Examples of cranes throughout history

by newportcomputers on January 17, 2013

Simple cranes have been around for thousands of years. The ancient Egyptians employed wooden called ‘shadufs’ to raise irrigation water from the Nile and some archaeologists believe similar devices were used in the building of the pyramids.

Early cranes
The ancient Greeks also used cranes and are credited with inventing the first large cranes, which they used to raise heavy stone blocks into place when constructing their temples. Evidence has been found of ‘lewis holes’, which are particular-shaped holes cut in stone blocks in order to lift them with a crane.
It is believed that as the great dynasties of ancient Egypt and Greece began to die out, the need for giant monoliths erected with ramps and brute manpower also died with them. They were replaced by smaller construction crews using winches and hoists to manoeuvre more practical-sized stone blocks into place in their buildings and temples.
Roman cranes
Cranes were employed extensively in the construction of the Roman Empire. The Roman’s most simple lifting device was a called a ‘trispastos’, which consisted of a jib, a winch, a block of pulleys and a rope.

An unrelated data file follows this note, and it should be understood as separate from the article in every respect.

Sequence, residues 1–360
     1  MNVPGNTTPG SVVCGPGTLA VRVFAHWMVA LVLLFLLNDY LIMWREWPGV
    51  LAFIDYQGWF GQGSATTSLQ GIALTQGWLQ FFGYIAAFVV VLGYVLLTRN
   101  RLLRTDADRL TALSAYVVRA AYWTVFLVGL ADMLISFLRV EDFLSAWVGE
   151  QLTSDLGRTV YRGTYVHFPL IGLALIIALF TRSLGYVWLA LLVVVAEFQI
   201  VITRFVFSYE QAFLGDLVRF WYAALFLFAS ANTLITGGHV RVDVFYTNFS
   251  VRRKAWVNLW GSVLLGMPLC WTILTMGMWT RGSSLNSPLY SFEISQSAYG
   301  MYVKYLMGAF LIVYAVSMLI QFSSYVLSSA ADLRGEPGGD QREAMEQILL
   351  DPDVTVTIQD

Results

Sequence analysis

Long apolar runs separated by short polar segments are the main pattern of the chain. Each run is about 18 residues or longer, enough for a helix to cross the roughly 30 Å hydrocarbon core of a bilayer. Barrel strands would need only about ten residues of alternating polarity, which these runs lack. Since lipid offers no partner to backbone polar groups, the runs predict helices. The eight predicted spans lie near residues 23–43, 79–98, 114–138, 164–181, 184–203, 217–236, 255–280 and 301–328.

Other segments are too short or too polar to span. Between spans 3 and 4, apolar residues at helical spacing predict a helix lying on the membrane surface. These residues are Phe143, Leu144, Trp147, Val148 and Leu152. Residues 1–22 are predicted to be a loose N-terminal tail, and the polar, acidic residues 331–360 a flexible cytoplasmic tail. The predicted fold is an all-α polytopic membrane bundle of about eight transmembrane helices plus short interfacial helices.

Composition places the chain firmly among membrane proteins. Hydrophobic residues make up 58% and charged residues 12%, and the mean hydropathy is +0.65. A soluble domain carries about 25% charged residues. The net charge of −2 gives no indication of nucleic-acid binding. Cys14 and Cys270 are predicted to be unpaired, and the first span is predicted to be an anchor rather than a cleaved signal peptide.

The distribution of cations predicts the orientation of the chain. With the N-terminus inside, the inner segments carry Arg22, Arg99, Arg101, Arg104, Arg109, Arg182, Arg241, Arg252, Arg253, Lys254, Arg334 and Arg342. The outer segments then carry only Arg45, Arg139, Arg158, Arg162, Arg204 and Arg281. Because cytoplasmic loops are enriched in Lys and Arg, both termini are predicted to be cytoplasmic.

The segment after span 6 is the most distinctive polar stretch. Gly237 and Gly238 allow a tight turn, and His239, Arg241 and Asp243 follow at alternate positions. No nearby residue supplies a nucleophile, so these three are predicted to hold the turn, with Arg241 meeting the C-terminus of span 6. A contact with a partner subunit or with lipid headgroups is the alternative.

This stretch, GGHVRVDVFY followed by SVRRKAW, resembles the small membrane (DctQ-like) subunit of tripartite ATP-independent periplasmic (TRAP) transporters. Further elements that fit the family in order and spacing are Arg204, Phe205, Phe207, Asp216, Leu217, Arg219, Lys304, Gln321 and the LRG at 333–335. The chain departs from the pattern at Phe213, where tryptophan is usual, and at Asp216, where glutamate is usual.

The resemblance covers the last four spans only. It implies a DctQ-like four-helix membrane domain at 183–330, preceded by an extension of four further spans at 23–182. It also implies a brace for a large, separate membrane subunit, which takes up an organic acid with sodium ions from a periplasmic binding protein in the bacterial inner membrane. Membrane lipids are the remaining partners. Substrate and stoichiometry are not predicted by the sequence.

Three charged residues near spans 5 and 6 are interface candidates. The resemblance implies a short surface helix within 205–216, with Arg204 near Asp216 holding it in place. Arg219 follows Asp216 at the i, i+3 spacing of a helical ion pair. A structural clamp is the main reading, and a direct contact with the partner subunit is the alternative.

The amount of mechanical advantage was varied by the number of pulleys used, with the largest trispastos employing a tread-wheel, which hoisted the load aloft as a slave walked inside the wheel. To raise even heavier loads, the Romans built lifting towers, which it could be argued were the forerunners of the tower cranes we know today.
Medieval cranes
During the Middle Ages, tread-wheel cranes were used to construct large buildings such as castles and cathedrals and also on the docks to lift cargo from the holds of ships. The development of the windlass (horizontal cylinder turned by a crank) and the flywheel (revolving wheel that smoothes the lifting process) saw these early cranes start to become much more sophisticated.
Industrial Revolution
Traditionally made from wood, cranes began to be constructed from cast iron and steel as the Industrial Revolution got under way in the 19th century. While early cranes were powered by men or animals, the invention of the steam engine saw steam-powered cranes come into existence. These were cranes with a boiler mounted on the back that acted as a counterbalance  for the load being lifted by the jib. Steam cranes were often mounted on trolleys, rails or barges and were commonly used as breakdown cranes on the early railways.
Today’s cranes
The cranes of today have come a long way from their predecessors. Formerly powered by brute force, they are now powered by internal combustion engines and electric motors. Previously limited in what they could lift with their primitive pulley systems, modern cranes use sophisticated hydraulic systems to provide a far superior lifting capacity.
Modern cranes are built to suit the specific requirements of a job. They come in many forms, including jib cranes, tower cranes, overhead cranes, mobile cranes, gantry cranes, telescopic cranes, floating cranes, aerial cranes and even self-erecting cranes.
The principle of mechanical advantage has allowed us to create huge edifices and lift staggeringly heavy weights, and it’s all thanks to the invention and refinement of cranes throughout history.

Previous post:

Next post: